The Perennial Question: "Where Can I Find Gold?"

 A Simple Statement of Fact

One question I am asked again and again and again is "Where can I find gold?" Although you old timers and mining veterans out there already know the answer to this one, those just starting out in small-scale or recreational prospecting, gold panning, and mining often don't have a clue.

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When I say this I do so without malice or's a simple statement of fact. Novices, "newbies," greenhorns, or newcomers...take your pick...truly have no answer to this pertinent question. That's why they ask it in the first place.

Classic "Newbie" Question

No, I won't answer this classic "newbie" question by resorting to the old mining adage, "Gold is where you find it." That quote may be understood on a variety of levels by those of us who've been around the mining block for a while now, but it's of absolutely NO value to a novice. Nada. Zippo.

So this is for all you mining newcomers out there, you greenhorns just taking those first baby steps with pick, pan, and shovel. Where can you find gold?

1) Where gold has been found before. One of the best places to find some gold is where others have found it in the past. Common sense right? Old mining districts; old mining camps; regions where gold rushes or stampedes took place; locations where gold production figures were substantiated and recorded; and areas where lode or placer gold was mined on a large, medium, or small scale are all good bets for mining novices. Sure, these are "leftovers" but that's what most of us (even old burn outs like me) work. Why? Because there's still gold to be had in these locations.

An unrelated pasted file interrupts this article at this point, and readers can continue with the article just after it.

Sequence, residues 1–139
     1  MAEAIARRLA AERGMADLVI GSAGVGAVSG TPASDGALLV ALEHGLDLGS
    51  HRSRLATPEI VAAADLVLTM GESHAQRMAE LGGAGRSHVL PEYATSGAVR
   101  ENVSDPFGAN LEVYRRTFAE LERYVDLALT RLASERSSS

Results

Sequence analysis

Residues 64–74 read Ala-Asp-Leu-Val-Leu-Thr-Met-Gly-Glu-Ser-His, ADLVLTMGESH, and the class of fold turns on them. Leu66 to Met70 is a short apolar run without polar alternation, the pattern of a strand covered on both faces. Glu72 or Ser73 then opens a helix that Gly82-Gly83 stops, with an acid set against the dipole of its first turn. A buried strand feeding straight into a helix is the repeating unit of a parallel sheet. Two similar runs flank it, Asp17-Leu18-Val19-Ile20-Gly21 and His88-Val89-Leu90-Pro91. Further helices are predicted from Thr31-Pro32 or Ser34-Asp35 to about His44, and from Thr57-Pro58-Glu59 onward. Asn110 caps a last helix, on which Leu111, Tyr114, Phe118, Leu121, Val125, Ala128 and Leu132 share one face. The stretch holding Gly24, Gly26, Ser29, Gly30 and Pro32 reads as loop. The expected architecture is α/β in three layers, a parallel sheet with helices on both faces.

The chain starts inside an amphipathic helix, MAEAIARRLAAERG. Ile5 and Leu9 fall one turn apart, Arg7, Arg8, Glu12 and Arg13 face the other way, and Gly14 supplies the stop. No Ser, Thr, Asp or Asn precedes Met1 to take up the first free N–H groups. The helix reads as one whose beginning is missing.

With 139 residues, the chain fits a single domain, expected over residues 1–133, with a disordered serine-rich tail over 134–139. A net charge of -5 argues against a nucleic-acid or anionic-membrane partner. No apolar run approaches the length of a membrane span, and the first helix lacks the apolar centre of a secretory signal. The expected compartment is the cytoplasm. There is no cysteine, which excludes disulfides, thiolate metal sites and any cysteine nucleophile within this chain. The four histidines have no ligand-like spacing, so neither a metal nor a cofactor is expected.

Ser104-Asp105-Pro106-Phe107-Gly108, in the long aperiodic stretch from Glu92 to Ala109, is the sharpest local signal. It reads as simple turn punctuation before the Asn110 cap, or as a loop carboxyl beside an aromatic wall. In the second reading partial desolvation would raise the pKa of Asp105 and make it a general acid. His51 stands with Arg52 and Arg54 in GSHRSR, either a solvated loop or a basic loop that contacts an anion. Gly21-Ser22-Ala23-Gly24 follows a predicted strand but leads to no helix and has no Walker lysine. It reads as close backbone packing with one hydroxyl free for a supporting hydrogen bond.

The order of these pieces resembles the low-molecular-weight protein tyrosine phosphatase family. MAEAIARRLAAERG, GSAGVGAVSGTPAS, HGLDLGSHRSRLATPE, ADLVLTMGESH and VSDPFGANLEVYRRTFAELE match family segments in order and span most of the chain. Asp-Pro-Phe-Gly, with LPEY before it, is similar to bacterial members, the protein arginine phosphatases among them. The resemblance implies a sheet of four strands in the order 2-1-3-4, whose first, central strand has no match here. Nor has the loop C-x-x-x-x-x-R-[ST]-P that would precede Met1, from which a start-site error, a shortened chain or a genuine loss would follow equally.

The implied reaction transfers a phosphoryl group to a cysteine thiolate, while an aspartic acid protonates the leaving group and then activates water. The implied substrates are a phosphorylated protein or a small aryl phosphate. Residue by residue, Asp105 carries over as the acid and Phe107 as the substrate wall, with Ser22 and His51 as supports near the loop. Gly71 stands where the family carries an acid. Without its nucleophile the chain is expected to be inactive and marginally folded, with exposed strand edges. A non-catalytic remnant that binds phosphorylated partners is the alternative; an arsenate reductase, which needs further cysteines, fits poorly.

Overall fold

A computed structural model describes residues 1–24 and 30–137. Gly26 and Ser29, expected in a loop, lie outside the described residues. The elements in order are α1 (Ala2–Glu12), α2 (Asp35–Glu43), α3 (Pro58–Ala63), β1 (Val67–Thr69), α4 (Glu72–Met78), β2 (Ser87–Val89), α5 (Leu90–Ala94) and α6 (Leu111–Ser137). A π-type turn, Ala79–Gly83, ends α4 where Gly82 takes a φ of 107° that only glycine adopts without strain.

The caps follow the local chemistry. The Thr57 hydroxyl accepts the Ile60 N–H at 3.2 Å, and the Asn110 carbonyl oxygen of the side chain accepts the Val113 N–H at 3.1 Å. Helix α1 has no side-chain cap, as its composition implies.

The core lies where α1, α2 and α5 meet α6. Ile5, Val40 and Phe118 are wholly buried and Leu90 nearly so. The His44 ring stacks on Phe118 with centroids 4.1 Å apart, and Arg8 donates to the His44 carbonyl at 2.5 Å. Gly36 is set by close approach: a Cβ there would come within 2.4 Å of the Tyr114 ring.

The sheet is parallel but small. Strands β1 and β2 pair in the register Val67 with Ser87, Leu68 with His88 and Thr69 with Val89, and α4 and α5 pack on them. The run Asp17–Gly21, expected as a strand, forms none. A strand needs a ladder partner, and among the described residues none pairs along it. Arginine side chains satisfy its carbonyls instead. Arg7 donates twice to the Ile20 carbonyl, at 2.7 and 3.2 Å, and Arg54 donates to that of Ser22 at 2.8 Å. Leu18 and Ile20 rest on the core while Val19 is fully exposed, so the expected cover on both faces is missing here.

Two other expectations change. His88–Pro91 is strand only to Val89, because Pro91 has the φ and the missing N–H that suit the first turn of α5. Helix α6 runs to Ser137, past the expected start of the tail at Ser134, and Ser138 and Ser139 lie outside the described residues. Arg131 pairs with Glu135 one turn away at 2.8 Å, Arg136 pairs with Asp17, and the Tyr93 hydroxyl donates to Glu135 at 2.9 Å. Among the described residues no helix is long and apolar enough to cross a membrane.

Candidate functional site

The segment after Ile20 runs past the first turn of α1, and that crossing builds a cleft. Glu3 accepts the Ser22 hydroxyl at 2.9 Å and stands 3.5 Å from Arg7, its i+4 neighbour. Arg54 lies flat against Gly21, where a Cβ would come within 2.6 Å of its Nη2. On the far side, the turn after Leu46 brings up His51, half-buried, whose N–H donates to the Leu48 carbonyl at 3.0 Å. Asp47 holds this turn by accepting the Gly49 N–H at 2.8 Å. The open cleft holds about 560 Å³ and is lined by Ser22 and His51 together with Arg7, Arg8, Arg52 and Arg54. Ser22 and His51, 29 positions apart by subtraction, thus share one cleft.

2) Where gold geology is favorable and mineralization has taken place. This one is a bit tougher for greenhorns because most (if not all) of them don't have the requisite understanding yet of the geophysical and visual clues that say "gold may be here or close by." But even the most inexperienced novice can read a geological bulletin or get online and do a bit of research in this vein (no pun intended!). There is an amazing wealth of information out there about gold geology and mineralization and any newcomer (or veteran or old timer) who doesn't make use of it and learn from it is going to be missing a big chunk of what it takes to get the gold.

 (Nice chunk of free-milling gold ore.)

3) Alternative locations that may be under your very nose. These "alternative" locations will have little to do with gold mining per se but they can produce more gold over time than most public panning areas you'll ever work or even many gold claims. Locations like popular beaches, old swimming holes, back bays, parks, recreation areas, and so on. Yep, I am talking about metal detecting (beach or coin hunting). If you learn your stuff well the sheer amounts of gold jewelry (10kt, 14kt, even 18kt) you can recover with time, effort, and experience can be more rewarding cash-wise than you ever thought imaginable. I know...when I was working Southern California beaches in the mining off-season back in the 1980s I recovered many thousands of dollars in gold jewelry (rings, bracelets, necklaces, etc.). I called this winter-time treasure hunting "beach mining" and I became very good at it. Ultimately what I am saying here is this: "remain open to the possibilities when it comes to getting gold."

I wish you all the best of luck out there.

If you liked this post, you may want to read: "Gold Mining Questions and Answers: Part 3"

(c)  Jim Rocha (J.R.)  2011

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